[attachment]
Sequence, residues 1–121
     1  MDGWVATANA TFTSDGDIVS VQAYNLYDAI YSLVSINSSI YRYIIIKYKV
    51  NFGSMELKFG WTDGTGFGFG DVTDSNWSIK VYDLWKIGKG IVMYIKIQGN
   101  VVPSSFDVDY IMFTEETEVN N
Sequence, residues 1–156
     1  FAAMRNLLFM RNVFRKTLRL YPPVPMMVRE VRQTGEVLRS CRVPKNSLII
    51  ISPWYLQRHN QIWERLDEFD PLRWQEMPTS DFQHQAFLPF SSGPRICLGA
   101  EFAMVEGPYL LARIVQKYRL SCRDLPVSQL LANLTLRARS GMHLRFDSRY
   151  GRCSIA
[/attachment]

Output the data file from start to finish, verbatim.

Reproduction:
Sequence, residues 1–121
     1  MDGWVATANA TFTSDGDIVS VQAYNLYDAI YSLVSINSSI YRYIIIKYKV
    51  NFGSMELKFG WTDGTGFGFG DVTDSNWSIK VYDLWKIGKG IVMYIKIQGN
   101  VVPSSFDVDY IMFTEETEVN N
Sequence, residues 1–156
     1  FAAMRNLLFM RNVFRKTLRL YPPVPMMVRE VRQTGEVLRS CRVPKNSLII
    51  ISPWYLQRHN QIWERLDEFD PLRWQEMPTS DFQHQAFLPF SSGPRICLGA
   101  EFAMVEGPYL LARIVQKYRL SCRDLPVSQL LANLTLRARS GMHLRFDSRY
   151  GRCSIA